Paul George is getting plenty of MVP buzz this season alongside James Harden and Giannis Antetokounmpo. He’s done it through an incredible leap on both ends of the floor, elevating him from a top-15 player into one of the five or six best players in the league today.
Of course, he’ll have to perform at this level in the playoffs in order to solidify his place among the league’s elite, but it’s been the type of year that Oklahoma City dreamt of after giving him a max contract this past summer. There are plenty of aspects of his game to break down, from his all-world defense to his J.J. Redick-like off-ball movement and shooting, but today we’re going to take a look at an under-appreciated part of his game: his scoring acumen in pick-and-roll.
George is a patient scorer in pick-and-roll situations, which gives him time to read his opponents and make the right decision with the ball in his hands. In combination with his improved handle and a nearly fully optimized role next to Russell Westbrook, he’s putting up the lowest turnover rate of his career and is an elite pick-and-roll creator, both for himself and his teammates. The threat of his top-tier three-point shot keeps defenses flying over ball screens, where he has the strength and ball control to keep his defender behind him and attack the paint. Sending defenders over ball screens isn’t particularly rare — in fact, it’s the base defensive scheme for most teams — but George’s multifaceted skill set makes pick-and-roll defense nearly impossible for the Thunder’s opponents.
Like all the best pick-and-roll operators, George’s focus in ball screen actions isn’t on his defender, but on the big man, who has a few different choices when his offensive counterpart sets the ball screen. You often hear players tell the media, “I just take what the defense gives me,” but it really couldn’t be truer for George, who reads the defensive big man and makes the correct decision more often than not.
When the defense is playing more conservatively and drops their big man deep into the paint to deter rim attacks, George has become adept at curling over the screen and sidestepping into a mid-range jumper.
This technique, often called “snaking” a pick-and-roll, puts the defender out of the play temporarily as George cuts in front of him after taking the screen. The big man is too deep to do anything about George’s jumper, which is going in at a good rate. He’s posting a 108.7 offensive rating on these sort of pull-up jumpers, which include snaking for mid-rangers and finding openings beyond the three-point line.
Speaking of that three-point shot, George’s improved handle has opened up a whole new world of threes he can take and make in the pick-and-roll. When faced with “ice” or “down” defense, the opposing team cuts him off from taking the screen in an attempt to funnel him toward the dropping big man. In previous years, George would take the opening and attack, which isn’t necessarily a bad thing, but becomes predictable after so many instances of a repeated choice.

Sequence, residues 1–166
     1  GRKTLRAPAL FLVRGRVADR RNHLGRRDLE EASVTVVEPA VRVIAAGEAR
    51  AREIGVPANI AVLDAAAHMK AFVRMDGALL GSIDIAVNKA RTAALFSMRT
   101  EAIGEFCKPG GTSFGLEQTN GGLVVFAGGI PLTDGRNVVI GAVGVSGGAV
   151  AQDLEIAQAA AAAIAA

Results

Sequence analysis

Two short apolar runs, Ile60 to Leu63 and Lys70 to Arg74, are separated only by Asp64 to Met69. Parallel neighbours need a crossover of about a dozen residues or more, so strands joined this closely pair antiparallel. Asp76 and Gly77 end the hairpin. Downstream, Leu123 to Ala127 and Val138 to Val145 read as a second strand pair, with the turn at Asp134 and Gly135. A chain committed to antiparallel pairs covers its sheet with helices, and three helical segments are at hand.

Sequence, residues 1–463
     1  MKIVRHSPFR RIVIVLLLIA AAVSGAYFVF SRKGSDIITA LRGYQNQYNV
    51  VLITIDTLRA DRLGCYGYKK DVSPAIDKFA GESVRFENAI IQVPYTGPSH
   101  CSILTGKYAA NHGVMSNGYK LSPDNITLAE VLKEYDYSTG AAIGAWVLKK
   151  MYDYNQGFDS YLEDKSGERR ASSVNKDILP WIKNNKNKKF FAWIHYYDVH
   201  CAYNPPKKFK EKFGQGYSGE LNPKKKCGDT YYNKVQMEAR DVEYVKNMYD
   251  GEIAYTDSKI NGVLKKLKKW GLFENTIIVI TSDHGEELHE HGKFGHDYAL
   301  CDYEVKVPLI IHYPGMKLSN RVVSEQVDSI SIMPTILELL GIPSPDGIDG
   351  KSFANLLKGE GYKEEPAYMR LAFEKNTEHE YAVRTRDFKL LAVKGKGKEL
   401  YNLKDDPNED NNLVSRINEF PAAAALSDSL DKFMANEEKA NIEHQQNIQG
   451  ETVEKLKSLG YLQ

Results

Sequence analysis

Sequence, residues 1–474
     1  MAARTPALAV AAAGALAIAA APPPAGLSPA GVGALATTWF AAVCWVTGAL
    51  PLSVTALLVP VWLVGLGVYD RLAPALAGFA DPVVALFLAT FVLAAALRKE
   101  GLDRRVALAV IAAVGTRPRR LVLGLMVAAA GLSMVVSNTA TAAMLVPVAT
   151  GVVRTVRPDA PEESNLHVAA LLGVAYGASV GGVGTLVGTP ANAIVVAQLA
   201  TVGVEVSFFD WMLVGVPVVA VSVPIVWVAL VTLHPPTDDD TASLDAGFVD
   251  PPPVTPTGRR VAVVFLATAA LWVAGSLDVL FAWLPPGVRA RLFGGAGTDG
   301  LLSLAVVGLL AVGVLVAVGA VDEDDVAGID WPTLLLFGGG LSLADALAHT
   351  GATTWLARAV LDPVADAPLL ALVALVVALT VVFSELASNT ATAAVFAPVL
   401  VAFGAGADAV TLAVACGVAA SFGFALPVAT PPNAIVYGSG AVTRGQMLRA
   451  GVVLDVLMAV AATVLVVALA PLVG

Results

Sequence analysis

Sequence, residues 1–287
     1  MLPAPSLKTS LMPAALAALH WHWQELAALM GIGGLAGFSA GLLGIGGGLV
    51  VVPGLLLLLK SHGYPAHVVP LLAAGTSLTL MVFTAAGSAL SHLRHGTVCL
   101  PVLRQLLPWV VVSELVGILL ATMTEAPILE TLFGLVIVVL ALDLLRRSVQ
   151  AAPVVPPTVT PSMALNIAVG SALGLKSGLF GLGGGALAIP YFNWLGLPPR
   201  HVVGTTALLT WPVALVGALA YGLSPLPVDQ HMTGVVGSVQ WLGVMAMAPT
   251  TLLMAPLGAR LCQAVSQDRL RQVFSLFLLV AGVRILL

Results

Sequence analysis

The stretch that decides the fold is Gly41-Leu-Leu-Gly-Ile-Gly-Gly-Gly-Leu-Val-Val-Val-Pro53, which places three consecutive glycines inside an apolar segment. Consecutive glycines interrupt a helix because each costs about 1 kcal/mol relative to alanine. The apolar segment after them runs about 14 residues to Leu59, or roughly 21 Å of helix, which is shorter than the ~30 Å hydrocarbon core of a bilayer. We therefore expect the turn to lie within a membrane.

This year, George’s left-to-right crossover has gotten so good that he’s able to take one hard dribble toward the rim, then lurch back to his left after his defender reacts, opening up the three-point shot.
In the above clip, Portland’s Moe Harkless jumps over Steven Adams’ screen in an attempt to force George to take the baseline drive toward a dropping Jusuf Nurkic. George jabs toward Nurkic and Harkless follows, only for George to break out his left-to-right between-the-legs crossover to get back to the middle of the floor, where Nurkic is nowhere to be found. George nails the triple as Harkless stumbles away toward the corner, a common occurrence whenever George handles in pick-and-roll.
When George is unable to cross back up to the middle for that jumper, he uses the same principles as he does in normal pick-and-rolls to keep his defender on his back. He’ll still cross back over once or twice to set up his defender, then burst toward the rim to ensure they can’t get back into the play.
George is having a wonderful season for the Oklahoma City Thunder, one that will garner him all kinds of consideration in awards voting at the end of the regular season. After his fourth third-team All-NBA appearance last year, George has made the most difficult leap in the NBA, going from a star to a superduperstar. Already a max player worthy of consistent All-NBA consideration but rarely getting into the MVP conversation — he has one top-ten MVP finish to his name — he’s in line to finish at least third in MVP voting and earn his first appearance on one of the top two All-NBA teams.
There is a lot of competition at the top for the two first-team forward spots, and with one almost certain to go to Antetokounmpo, George is in for a fight for the second spot alongside Kevin Durant, LeBron James, and Kawhi Leonard. George has to be the favorite at this point for that spot, given his spot in the MVP conversation compared to the others, but it remains to be seen just how high his otherworldly improvement will push him.